GOP Takes House, Dems Retain Senate
The Republican Party regained control of the House of Representatives yesterday but fell short of reclaiming the Senate, according to projections based on early returns, riding a wave of anti-incumbent sentiment to success at the polls.
Yesterday’s conservative resurgence affected both veteran and newly elected law-makers and reached across the country. But Republican success at the polls fell short of the “tsunami” that some had projected as Democrats retained key seats in Senate and gubernatorial races.
As The Crimson went to press, Republicans had gained 59 seats in the House, 20 more than the 39 necessary to gain control of the House.
On the heels of a deep economic recession, voters have grown broadly dissatisfied with the Barack Obama administration and the Democrat-controlled Congress. That disaffection was prominently on display last night as voters consistently chose to pull the lever on behalf of challengers.
The influence of the Tea Party, the populist right-wing movement, made its presence most clearly felt in Kentucky, Florida, and South Carolina where conservatives unseated more moderate candidates. In Kentucky, Republican Rand Paul, a darling of the Tea Party, captured a decisive victory. In Florida, Republican Marco Rubio unseated former Republican Governor Charlie Crist, who ran as an independent.
One of the Senate’s most liberal members, Russ Feingold of Wisconsin, lost to Republican challenger, Ron Johnson, last night. Meanwhile in South Carolina, Nikki Haley, an anti-establishment Tea Party candidate, triumphed in the gubernatorial race.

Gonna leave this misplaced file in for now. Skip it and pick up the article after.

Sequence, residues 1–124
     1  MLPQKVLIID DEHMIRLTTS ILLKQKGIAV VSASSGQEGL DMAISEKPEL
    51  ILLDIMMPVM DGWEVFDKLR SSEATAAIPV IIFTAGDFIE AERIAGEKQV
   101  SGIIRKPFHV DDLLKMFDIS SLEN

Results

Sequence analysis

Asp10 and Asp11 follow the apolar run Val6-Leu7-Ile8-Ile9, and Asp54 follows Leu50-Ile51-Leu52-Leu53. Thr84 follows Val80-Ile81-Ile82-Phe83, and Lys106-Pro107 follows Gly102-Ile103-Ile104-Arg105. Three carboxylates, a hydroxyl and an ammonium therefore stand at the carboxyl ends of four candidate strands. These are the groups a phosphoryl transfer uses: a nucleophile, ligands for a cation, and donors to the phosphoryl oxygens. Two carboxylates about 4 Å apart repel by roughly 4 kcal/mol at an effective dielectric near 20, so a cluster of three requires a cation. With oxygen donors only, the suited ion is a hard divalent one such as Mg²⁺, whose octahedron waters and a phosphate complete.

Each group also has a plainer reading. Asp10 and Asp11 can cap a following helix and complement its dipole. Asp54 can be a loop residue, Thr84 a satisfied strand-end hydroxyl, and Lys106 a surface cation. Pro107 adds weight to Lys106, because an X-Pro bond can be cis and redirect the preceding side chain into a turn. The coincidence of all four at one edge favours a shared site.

While the Tea Party delivered the votes necessary to assure victory for some of its favored candidates, its ability to deliver votes did not quite live up to the most hopeful pre-election estimates.
“I think it’s been overstated,” said Richard Parker, a Kennedy School lecturer. “Overstatement of an insurgent movement is a characteristic of the American press.”
In California, Democratic candidates fought off self-funded challengers from the right who poured money into the race. Jerry Brown defeated Meg Whitman to become the next governor. Incumbent Barbara Boxer defeated her challenger, Carly Fiorina, as well, according to early results.
If the Republicans sought to win the Senate, the night did not get off to the right start for GOP hopefuls as early returns on the East Coast did not lay the groundwork necessary for a Republican take-over of the Senate.
In Delaware, Republican Christine O’Donnell was unable to make inroads among moderate voters, many of whom viewed her as a right-wing extremist, and lost resoundingly to Democrat Chris Coons.
With the help of Democrats in Congress, Obama has pushed through a series of sweeping legislative projects—including health-care reform, a financial reform bill, and a massive stimulus bill—during his first two years in office. But many of those measures have grown unpopular with the electorate, and that sense of disillusion manifested in yesterday’s mid-term elections.
“There’s no question that midterm elections in a president’s first term are in many respects a referendum on his presidency, and the fact that he campaigned as extensively as he did meant that voters would interpret it as a referendum on his presidency,” said Kennedy School Professor and presidential scholar Roger B. Porter.
During the past year, the Tea Party has capitalized on wide-spread dissatisfaction and fear of strong federal social policy to foment anger against incumbent Democrats.
“Do we wish to live free or be enslaved by debt? Do we believe in the individual or do we believe in the state?” said Paul, the victorious Kentucky Republican, in remarks that expressed some of the underlying currents of the Tea Party movement. “America can surmount these problems if we just get government out of the way.”